House Majority Leader Kevin McCarthy, R-Calif., added his voice Sunday to a growing number of Republicans calling for former Secretary of State Hillary Clinton to turn over her personal email server to an independent third-party arbiter.
McCarthy, appearing on CBS' "Face the Nation," said an arbiter should determine which emails might be related to the House's investigation into the Obama administration's handling of the 2012 terror attack in Benghazi, Libya, that left four Americans dead, including the U.S. ambassador. "We're not interested in her private emails," McCarthy said. "We're not even interested in her emails regarding Russia and the reset, or Syria and [President Bashar al-Assad] and the chemical weapons — only those pertaining to Benghazi."
Asked whether he thought the former secretary of State — and presumed 2016 Democratic presidential candidate — had broken the law, McCarthy, a Republican, said, "I don't know."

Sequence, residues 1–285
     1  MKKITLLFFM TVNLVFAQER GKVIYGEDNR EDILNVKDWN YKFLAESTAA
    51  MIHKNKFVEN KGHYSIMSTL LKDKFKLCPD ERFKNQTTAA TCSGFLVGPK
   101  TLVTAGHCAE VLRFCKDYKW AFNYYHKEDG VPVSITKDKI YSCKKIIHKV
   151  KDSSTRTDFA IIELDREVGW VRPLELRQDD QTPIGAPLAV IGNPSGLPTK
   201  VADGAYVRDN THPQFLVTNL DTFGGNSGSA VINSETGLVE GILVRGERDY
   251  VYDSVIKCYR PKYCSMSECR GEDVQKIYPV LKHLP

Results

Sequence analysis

"If you were secretary of State, would you set up a server and put it in your own house?" McCarthy responded. "And then ask your top aides only to use that?
"I think she brings a lot of doubt with her own use. But she has the ability to clear this up."
McCarthy's comments come three days after Rep. Trey Gowdy, chairman of the Republican-controlled House Select Committee on Benghazi, officially asked Clinton to turn over the server to a neutral party. House Speaker John A. Boehner also said last week the investigations into Benghazi could not be complete without access to all of the related Clinton emails.
Benghazi is suddenly back in the spotlight after revelations that Clinton used a personal email account during her tenure at the State Department and that she had deleted thousands of what she called personal emails.
Gowdy, R-S.C., has given Clinton until March 27 to answer a subpoena issued for the documents.
The ranking Democrat on the panel, Maryland's Elijah E. Cummings, has argued the investigation is more interested in derailing a potential Clinton presidential run than with addressing any security problems exposed by the 2012 attack.
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